Fake money reportedly thrown from Shanghai building | Inquirer News

Fake money reportedly thrown from Shanghai building

, / 02:28 AM January 02, 2015
In this photo released by China's Xinhua News Agency, medical workers stand outside the emergency ward of the No. 1 People's Hospital of Shanghai after a stampede caused casualties among people who took part in New Year's celebrations in Shanghai, early on Thursday, Jan. 1, 2015.  AP PHOTO/XINHUA, DING TING

In this photo released by China’s Xinhua News Agency, medical workers stand outside the emergency ward of the No. 1 People’s Hospital of Shanghai after a stampede caused casualties among people who took part in New Year’s celebrations in Shanghai, early on Thursday, Jan. 1, 2015. AP PHOTO/XINHUA, DING TING

SHANGHAI—People unable to contact friends and relatives streamed into hospitals on Thursday, anxious for information after a stampede during New Year’s celebrations in Shanghai’s historic waterfront area killed 36 in the worst disaster to hit one of China’s showcase cities in recent years.

Some witnesses said revelers had scrambled for fake money thrown from a building. Others downplayed the likelihood that this was to blame.


The official Xinhua News Agency said the deaths and injuries occurred at Chen Yi Square, which is in Shanghai’s popular riverfront Bund area, an avenue lined with art deco buildings from the 1920s and 1930s when Shanghai was home to international banks and trading houses. The area is often jammed with spectators for major events.

A Shanghai government statement said another 47 people received hospital treatment, including 13 who were seriously injured, following the chaos about half an hour before midnight. Seven of the injured had left hospital by Thursday afternoon.


American Andrew Shainker, an English teacher, watched from a rooftop terrace across the road as the disaster unfolded on a wide stairway leading up to a riverfront promenade.

“I witnessed lifeless bodies being carried out of a crowd one by one and dumped on the street,” he posted on Chinese messaging network WeChat. “You could hear screams of panic. What I thought was the best view on the Bund ended up being a front row seat to an international tragedy.” Most of the victims appeared to be Chinese, he said.

By dawn there was little evidence of the disaster beyond a lone police van and rubbish discarded by celebrants. That is typical in China for major incident scenes, which authorities are quick to clear.

Mourners laid flowers nearby.

Serious suffocation

More than 20 police vehicles were outside the Shanghai No. 1 People’s Hospital, one of at least three facilities where the injured were taken, and officers prevented people from entering.

The mother of an injured 12-year-old boy sat in a chair, crying, surrounded by relatives.


“We don’t know what is happening but we can’t get in to see him,” said her older brother, declining to be named.

Xia Shujie, vice president of Shanghai No. 1 People’s Hospital, told media that some of the people brought to them were suffering from serious suffocation.

The microblog of the People’s Daily, which is run by the ruling Communist Party, said that the injured included 3 Taiwanese and one Malaysian, and that some of the dead and injured were aged between 16 and 36.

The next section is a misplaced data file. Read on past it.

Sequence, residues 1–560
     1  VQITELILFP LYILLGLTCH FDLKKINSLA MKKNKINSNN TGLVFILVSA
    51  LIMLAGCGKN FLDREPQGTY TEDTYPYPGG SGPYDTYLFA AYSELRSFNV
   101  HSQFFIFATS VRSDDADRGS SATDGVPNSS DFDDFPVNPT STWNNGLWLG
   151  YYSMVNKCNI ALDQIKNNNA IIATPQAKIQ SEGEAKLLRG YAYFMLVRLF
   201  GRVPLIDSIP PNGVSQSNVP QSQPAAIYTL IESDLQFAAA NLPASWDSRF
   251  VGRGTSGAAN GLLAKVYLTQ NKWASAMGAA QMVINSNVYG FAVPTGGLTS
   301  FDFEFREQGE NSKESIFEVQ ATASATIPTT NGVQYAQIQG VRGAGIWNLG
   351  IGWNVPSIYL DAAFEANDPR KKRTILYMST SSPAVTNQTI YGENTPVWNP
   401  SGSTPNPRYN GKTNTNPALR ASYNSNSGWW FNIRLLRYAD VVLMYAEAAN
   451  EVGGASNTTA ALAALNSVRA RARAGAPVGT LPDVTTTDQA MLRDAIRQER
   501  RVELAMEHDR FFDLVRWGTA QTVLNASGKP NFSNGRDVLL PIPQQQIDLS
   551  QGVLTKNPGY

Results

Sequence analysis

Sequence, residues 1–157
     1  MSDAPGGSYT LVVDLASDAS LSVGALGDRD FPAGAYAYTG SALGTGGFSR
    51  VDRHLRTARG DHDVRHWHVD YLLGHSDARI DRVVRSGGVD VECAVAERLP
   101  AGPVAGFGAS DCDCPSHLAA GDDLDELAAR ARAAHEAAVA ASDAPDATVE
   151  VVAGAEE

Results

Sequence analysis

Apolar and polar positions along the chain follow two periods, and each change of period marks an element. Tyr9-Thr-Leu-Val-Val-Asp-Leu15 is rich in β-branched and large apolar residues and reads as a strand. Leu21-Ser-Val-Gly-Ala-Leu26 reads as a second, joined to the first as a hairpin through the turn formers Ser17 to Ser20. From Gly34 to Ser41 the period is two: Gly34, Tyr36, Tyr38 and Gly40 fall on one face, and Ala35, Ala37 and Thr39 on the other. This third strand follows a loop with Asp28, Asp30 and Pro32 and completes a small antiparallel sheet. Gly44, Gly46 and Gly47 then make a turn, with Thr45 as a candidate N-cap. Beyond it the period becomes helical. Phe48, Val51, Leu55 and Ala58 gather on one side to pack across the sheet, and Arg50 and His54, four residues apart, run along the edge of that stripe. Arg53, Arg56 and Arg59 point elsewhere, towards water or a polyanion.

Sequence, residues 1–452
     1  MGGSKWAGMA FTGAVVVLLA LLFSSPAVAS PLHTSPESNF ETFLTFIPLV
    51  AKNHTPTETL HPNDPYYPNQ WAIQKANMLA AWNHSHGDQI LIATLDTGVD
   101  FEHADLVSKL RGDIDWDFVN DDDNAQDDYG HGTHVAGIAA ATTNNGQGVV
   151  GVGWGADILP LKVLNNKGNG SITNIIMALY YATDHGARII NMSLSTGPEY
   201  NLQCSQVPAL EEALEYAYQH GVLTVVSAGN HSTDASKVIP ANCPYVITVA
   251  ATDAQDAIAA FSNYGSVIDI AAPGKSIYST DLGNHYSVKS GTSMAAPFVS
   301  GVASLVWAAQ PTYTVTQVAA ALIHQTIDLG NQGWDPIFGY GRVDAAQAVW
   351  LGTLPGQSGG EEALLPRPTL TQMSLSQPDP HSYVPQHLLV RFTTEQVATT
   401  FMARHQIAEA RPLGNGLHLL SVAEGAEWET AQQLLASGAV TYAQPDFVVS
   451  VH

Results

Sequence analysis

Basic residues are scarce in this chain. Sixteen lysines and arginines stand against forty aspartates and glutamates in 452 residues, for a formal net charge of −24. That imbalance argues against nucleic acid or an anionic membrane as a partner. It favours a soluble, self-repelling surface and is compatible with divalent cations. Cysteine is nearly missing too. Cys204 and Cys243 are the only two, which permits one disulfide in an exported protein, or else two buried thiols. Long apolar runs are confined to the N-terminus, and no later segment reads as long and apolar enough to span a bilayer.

Steps lead down from the Chen Yi Square to a road across from several buildings.

“We were down the stairs and wanted to move up and those who were upstairs wanted to move down, so we were pushed down by the people coming from upstairs,” an injured man told Shanghai TV. “All those trying to move up fell down on the stairs.”

Shainker was in Bund 18, a shopping and entertainment complex where witnesses said dollar-like notes had been thrown from a window, prompting a scramble to retrieve it.

“We saw people scattering money from Bund 18,” wrote one poster, but others pointed out a wide street separates the building from the staircase where the main stampede occurred.

Zhou Miaochen, who was standing near the steps, told AFP it was “impossible” for the notes to reach the crowd there.

“There was a large flow of visitors, some trying to reach the viewing deck and some trying to get down,” he said. “People started crashing into each other.”

Resembling US currency

Fake currency has long been burned at Chinese funerals to ensure the dead have money in the afterlife, and nowadays is also frequently used as an advertising medium.

Pictures posted online showed the slips of paper were a similar size, shape and color as US currency, but emblazoned with the logo of M18, a nightclub in the building, and stamped “New Year 2015.”

Chinese President Xi Jinping demanded an immediate investigation into the cause, Xinhua reported. State broadcaster China Central Television’s main news channel treated Xi’s earlier New Year address as the day’s top news item, replaying the speech several times.

Annual countdown canceled

The stampede appeared to be near the area where, the English-language Shanghai Daily had reported last week, a “toned-down” version of the annual New Year’s Eve countdown would be held that would not be open to the public. The event, which normally attracts about 300,000 people, had been canceled, apparently because of crowd control issues.

Most large gatherings in China are carefully controlled by authorities but the country has seen other incidents in which overcrowding has caused panic and deaths.

In 1993, 20 people were killed as New Year’s revelers poured into a narrow street in Hong Kong, at the time still under British rule.

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